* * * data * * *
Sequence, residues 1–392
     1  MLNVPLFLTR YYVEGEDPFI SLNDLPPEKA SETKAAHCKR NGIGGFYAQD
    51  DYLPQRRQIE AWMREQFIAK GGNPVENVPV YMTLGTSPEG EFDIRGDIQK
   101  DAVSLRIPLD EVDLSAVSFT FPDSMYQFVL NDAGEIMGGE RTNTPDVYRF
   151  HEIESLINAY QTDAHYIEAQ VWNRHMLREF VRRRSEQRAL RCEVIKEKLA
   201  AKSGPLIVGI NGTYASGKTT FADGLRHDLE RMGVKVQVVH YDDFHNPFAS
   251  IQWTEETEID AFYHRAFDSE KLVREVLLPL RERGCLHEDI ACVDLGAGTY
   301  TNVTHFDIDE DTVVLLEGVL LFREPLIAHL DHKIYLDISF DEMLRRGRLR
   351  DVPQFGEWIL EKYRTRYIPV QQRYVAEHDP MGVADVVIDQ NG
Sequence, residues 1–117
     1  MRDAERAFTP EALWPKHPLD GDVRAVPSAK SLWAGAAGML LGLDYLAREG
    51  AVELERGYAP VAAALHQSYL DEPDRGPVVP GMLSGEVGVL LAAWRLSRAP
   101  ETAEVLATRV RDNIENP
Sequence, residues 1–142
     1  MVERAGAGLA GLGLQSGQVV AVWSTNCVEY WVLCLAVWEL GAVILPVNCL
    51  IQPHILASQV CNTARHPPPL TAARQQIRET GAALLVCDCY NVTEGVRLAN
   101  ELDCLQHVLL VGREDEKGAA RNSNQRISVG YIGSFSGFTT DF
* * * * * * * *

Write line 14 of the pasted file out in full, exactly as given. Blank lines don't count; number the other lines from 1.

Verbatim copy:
Sequence, residues 1–142